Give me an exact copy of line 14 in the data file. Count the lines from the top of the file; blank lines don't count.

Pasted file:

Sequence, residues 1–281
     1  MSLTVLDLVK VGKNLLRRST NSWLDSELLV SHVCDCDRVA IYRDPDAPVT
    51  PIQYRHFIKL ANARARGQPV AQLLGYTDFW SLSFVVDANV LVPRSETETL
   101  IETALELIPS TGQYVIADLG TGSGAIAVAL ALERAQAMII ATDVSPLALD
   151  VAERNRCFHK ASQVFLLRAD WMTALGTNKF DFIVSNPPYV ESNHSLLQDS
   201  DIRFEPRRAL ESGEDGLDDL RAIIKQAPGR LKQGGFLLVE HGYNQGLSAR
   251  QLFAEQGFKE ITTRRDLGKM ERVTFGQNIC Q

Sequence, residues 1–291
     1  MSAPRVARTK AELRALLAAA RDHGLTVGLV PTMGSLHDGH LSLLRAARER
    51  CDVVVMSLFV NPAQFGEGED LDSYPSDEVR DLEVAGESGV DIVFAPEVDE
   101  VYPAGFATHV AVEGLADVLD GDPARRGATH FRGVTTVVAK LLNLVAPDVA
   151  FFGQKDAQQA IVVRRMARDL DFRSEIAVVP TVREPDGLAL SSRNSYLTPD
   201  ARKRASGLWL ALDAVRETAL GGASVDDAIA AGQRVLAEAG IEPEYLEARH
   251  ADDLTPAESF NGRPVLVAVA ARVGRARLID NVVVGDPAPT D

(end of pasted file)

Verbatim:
   251  ADDLTPAESF NGRPVLVAVA ARVGRARLID NVVVGDPAPT D